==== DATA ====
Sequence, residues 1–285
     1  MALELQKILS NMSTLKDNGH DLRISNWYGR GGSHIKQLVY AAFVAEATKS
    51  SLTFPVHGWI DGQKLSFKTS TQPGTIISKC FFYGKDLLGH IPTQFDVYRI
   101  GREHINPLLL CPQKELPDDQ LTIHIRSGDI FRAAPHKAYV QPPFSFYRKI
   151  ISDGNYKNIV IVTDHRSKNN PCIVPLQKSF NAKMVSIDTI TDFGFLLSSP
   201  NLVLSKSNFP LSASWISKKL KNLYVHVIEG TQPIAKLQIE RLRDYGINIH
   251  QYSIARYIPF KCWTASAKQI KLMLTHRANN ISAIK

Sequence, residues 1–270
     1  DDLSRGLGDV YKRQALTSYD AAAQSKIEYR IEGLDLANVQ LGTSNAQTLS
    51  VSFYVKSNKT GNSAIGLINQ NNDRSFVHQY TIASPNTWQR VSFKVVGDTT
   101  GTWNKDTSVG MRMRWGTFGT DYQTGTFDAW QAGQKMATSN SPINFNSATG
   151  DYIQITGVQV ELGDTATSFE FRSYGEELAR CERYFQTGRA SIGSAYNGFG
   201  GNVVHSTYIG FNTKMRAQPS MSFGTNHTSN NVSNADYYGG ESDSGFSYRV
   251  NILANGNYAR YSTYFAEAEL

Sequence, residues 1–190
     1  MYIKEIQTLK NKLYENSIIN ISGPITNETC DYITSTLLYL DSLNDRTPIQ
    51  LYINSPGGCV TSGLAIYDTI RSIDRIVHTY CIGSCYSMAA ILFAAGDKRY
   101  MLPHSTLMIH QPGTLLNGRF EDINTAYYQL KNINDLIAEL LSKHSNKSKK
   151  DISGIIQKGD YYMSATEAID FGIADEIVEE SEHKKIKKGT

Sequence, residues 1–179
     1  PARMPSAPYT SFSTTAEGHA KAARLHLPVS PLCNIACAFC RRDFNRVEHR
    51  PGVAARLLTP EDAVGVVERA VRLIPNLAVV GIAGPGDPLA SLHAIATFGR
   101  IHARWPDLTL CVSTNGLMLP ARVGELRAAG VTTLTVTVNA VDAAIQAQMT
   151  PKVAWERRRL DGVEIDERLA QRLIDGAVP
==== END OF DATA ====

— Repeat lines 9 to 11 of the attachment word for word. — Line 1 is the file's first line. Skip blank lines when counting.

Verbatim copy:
     1  DDLSRGLGDV YKRQALTSYD AAAQSKIEYR IEGLDLANVQ LGTSNAQTLS
    51  VSFYVKSNKT GNSAIGLINQ NNDRSFVHQY TIASPNTWQR VSFKVVGDTT
   101  GTWNKDTSVG MRMRWGTFGT DYQTGTFDAW QAGQKMATSN SPINFNSATG